No, don't open your mail. You have about 400 unread messages, of which
luckily 98% can be deleted without going further than a mere flick.
I won't suggest that you'd be reckless, but I once deleted over
600 mails and the decision brought no pain whatsoever. It relieved
me a lot.
There's a better way nowadays. You can Archive, with GMail. So
if you have second thoughts, you can always access your killed mail.
Mail hurts your brain. It's a constraint to the creativeness we all
have inside. Unless Google Wave changes that dramatically. Well,
of course you have to be realistic. It's our garbage that we
create, so I don't expect a product to clean it all up.
But wait a second; am I really talking this? I live basically out of
mail, blogs, Twitter, and Facebook. They are part of me.
The news company I was working for had a telecaster set up today.
It looked like a torture machine out of the 1930s, with a pole and
all those electrical cords attached to it. But it was high-tech,
I'm sure of that. And I really don't mean to say that it wouldn't
be efficient, it's just that I think there's going to be
a challenger around the corner.
I've been a geek since 1983. In the end of 1990s, there was a new
toy on the market: PDA. A personal digital assistant. Don't let
the name fool you. It's silicon alright, but not that kind of.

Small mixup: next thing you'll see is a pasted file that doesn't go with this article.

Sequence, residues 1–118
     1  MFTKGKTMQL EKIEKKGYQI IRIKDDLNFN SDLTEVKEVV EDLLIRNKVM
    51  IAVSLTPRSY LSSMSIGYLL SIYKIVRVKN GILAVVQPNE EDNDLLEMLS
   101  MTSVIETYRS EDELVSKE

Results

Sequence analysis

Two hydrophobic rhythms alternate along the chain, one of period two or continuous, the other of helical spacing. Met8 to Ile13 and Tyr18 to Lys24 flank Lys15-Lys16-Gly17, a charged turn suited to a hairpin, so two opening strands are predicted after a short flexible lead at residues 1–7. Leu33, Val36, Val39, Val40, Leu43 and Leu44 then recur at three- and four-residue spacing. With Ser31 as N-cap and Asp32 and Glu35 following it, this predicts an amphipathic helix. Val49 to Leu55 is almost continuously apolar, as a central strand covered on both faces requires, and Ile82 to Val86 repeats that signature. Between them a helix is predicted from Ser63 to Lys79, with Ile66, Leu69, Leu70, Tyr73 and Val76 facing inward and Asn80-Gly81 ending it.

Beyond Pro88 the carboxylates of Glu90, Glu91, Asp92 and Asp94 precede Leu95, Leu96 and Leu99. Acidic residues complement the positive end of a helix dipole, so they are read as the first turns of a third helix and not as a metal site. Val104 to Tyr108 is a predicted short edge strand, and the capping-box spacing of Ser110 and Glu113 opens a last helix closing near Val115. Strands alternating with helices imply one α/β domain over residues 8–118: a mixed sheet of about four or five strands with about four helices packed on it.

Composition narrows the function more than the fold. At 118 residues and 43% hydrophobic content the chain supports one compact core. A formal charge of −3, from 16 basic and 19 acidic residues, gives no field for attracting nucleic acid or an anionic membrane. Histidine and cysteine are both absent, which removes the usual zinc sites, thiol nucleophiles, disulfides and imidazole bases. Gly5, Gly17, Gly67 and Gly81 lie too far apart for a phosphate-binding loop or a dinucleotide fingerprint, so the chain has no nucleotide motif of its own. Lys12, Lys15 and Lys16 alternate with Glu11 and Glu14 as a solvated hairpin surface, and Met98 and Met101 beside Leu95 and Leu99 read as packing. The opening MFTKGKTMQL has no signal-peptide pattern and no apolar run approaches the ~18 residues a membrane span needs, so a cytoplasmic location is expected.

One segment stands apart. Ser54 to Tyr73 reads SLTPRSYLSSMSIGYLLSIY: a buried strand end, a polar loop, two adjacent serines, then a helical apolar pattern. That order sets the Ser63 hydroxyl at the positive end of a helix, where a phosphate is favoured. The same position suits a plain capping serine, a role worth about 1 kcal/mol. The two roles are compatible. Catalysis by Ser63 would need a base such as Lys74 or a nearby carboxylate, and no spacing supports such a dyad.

The machine consists of a screen, memory, cpu, keyboard, and
usually no direct mobile network connection. Essentially it
was a 8 megabyte address book.
It ran EPOC, which became Symbian. I remember that the operating
system excelled in being very tightly coded, and thus didn't
hog up memory much.
Years roll by, but the amount of trash I carry doesn't go down.
This is one point which will change. With things like Eyetap
(from Steve Mann) the user will be liberated from carrying
electronics around. I have to admit I have been quite
addicted to the concept. It's such cyborgish! And provides
real benefits, not just geeky humour stuff. The eyetap
is something that has been waited for decades.
Did you know that the movie Terminator was partially inspired
by this technology? You can see a scene in which the Terminator's
point of view is projected; the reddish scene, in which
Commodore C=64 assembly language statements scroll! 🙂
(Ok, it was called Apple II assembly, but they both
use the MOS 6502 cpu).
I'm currently riding a bus. With me, I have Branson's newest book,
as Irvine Welsh's; there's an ED, my dear Nokia e71, a wallet, and my laptop with
3G card. I consider myself mobile. But I still want to trash most
the these gadgets, and start using a single one. Would be my
dream come true. Still, ED non-intravenously, please.